A storm was making it’s way through the southern villages of Czech Republic last Tuesday night. Luckily, we had soup. Not just any soup, but Laksa: a softly spicy, fragrant, Malaysian noodle soup. I hadn’t thought of this soup since I was last in New Zealand, where it’s made with some frequency, and most kiwis will tell you it’s Indonesia’s most appreciated contribution to their islands. Sources cite Malaysia as the country of origin, but also Indonesia and Singapore. Whatever the case, the influences are clear on the palate – a bit South-East Asian, a bit Chinese, and appreciated by all.
It reminds me of an incredibly tasty soup made last year, with shrimp and zucchini, but was much more involved due to the long infusion the spices had in the broth. This version, adapted from an ‘express’ cookbook makes a very tasty broth with less time by NOT chopping the lemongrass and straining it out, but simply giving it a few good whacks to bruise the stalks, and letting them steep whole. The flavour still gets into the broth, but with less time and effort.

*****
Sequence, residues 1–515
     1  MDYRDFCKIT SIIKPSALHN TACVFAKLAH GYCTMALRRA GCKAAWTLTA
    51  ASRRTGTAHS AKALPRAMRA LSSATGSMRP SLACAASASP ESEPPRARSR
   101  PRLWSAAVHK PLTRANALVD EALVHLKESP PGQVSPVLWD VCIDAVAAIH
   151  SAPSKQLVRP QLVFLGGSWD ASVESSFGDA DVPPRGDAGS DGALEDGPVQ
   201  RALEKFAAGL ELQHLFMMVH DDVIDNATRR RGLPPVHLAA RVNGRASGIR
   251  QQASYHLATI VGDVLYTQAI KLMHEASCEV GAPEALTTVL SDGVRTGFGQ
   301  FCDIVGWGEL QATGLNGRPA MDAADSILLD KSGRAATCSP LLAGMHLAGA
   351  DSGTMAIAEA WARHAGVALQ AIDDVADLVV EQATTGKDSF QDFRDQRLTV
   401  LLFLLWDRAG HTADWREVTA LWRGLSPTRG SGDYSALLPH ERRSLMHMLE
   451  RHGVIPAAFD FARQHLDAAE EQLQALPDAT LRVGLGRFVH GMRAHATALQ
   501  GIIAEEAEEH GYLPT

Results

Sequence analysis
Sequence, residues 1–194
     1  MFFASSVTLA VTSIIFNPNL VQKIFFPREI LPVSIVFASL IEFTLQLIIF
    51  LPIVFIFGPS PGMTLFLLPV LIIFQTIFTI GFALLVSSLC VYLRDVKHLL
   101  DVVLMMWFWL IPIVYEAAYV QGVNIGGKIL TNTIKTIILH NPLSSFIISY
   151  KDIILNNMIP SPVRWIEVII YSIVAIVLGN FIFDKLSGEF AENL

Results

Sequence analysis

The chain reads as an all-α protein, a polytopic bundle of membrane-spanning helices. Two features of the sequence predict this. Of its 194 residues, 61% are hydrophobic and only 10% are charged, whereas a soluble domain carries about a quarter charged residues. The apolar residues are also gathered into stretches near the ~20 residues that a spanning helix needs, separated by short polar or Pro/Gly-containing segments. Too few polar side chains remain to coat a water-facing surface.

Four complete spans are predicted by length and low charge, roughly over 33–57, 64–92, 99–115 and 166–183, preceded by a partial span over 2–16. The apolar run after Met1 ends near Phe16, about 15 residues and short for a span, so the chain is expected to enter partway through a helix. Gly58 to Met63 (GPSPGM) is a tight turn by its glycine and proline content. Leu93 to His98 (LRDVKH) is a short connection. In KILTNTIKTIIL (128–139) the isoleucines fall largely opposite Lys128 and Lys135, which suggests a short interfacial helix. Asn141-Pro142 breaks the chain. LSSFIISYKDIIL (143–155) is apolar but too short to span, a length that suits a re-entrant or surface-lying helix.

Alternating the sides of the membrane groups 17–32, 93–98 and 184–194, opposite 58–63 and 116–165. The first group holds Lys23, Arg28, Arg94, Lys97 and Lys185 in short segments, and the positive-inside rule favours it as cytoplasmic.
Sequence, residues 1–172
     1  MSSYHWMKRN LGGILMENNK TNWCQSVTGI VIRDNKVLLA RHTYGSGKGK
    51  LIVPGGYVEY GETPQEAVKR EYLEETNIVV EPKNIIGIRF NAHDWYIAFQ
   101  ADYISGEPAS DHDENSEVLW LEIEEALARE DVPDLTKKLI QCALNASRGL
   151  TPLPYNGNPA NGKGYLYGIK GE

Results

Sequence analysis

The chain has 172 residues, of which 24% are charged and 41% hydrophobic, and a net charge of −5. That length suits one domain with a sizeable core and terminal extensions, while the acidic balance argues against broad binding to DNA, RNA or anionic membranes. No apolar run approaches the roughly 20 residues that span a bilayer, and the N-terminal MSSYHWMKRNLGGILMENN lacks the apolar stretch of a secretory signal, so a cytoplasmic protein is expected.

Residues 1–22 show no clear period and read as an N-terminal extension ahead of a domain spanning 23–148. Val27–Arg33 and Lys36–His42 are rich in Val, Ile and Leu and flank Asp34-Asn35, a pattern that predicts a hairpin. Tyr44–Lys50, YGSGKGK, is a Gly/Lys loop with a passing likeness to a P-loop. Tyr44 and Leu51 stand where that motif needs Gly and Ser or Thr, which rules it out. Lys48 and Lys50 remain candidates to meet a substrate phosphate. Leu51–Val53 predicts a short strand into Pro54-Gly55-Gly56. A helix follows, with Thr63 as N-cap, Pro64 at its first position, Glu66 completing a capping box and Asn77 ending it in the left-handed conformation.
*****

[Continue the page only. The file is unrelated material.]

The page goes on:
Baby bok choy is used, mainly because it just looks so cute while waiting on the counter-top, but the full sized variety would do just fine. We took heed from the Italians here as well, as the garlic is left whole, and scooped out at the end, as to not overpower.
This is a soup of soft, well-blended flavours, and only spicy if you want to add in the chili peppers at the end. It’s a work-night favourite of my good friend who made it, as I saw the note ‘Awesome!’ scribbled in the corner of the recipe. And so it was.